Bestride a colt, with branches covering the road
Details that echo back
to the foreshadowing of Zechariah[ix] and the Psalms[x]
throngs of people there to see and to hear and to shout
Which means: Save us, God.[xi]
This week that starts there, with that moment
Itself a sort of “March for Our Lives” rally in Jerusalem
Where the hurting and the hungry
Come out to assert their desire for safety and for life.
Save us, God. Hosanna. Hosanna.
The moment quickly turns, just a few days later,
When Jesus sees the powers that be
profiting off of the faithful yearnings of the people
And so Jesus overturns the tables in the temple
Cementing the opposition of the priests and the
High council who depended on that income
And who were looking the other way at the graft[xii]
The moment turns then Jesus rejects the appeal of the people
to sanction violence
In the pursuit of God’s kingdom[xiii]
It turns when his followers join him to pray in the garden
But he is betrayed, arrested, flogged
And brought to trial
A trial, do you remember
where Jesus reasserts that he is here to speak the truth
To witness to the truth
And Pilate, laughingly, asks him “What is truth?”[xiv]
Before he sends him away to his execution.
Jesus Christ: so called King of the Jews.[xv]
What a powerful, amazing, tragic week.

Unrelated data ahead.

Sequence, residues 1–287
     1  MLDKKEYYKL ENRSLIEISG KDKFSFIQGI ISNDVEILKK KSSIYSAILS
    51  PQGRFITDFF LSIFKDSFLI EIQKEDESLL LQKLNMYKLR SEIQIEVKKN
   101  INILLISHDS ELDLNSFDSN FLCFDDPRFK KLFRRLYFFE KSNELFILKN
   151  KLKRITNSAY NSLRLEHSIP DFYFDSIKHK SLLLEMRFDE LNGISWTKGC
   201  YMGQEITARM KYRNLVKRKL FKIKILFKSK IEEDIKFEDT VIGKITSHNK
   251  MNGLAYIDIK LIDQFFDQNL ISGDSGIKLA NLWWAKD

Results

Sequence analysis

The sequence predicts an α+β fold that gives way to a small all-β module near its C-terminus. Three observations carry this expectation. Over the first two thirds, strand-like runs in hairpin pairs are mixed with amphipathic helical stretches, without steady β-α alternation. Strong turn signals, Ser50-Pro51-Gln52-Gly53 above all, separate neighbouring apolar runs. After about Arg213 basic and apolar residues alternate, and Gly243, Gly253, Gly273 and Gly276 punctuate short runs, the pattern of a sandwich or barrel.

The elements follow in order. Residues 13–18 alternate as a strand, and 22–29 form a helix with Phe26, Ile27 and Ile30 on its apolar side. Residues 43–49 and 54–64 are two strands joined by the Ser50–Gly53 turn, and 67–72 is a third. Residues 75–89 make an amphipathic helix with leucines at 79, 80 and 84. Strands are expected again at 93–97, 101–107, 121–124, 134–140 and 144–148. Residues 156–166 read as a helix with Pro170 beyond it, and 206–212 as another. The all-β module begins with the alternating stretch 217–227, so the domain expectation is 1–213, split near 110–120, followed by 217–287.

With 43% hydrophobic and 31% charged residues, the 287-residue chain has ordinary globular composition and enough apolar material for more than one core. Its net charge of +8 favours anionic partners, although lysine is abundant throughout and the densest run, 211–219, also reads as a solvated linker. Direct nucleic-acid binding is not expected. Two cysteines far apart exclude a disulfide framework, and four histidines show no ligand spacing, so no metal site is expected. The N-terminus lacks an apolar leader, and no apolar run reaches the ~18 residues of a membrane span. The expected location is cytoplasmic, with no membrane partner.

A week where God asserts what is true:
That God loves us. That God would give anything, will give everything
for us to learn how to love one another
And to care for this world that God has made.
I wonder, sometimes, why we struggle with the truth so much.
Why we have such a hard time accepting the “Yes” of God.
There’s so much hurt we do to ourselves, or to our neighbor,
Because we don’t accept the love of God and we don’t share it with others.
But the good news is that God’s persistence doesn’t stop.
It is steadfast, the love of God.
It continues to confront us with opportunities to choose the true over the false
The loving over the spiteful
The peaceful over the violent
The compassionate instead of the selfish
The hopeful instead of the hopeless.
I don’t know about you, but when I see millions of people
across 800 cities coming together to say “enough” to gun violence
In a movement led by 15 and 16 year olds with eloquent voices
And passionate concern
I see an opportunity to affirm the truth
that God is doing something amazing there.[xvi]
When I see signs that the fiftieth anniversary of the death of Martin Luther King Jr
Is being observed through the reaffirmation of the Poor Peoples Campaign
That he was leading at the time of his assassination
I see hope.[xvii]
When we gather our resources, along with Presbyterians and other people of faith
Around the world,
To try to feed the hungry with good food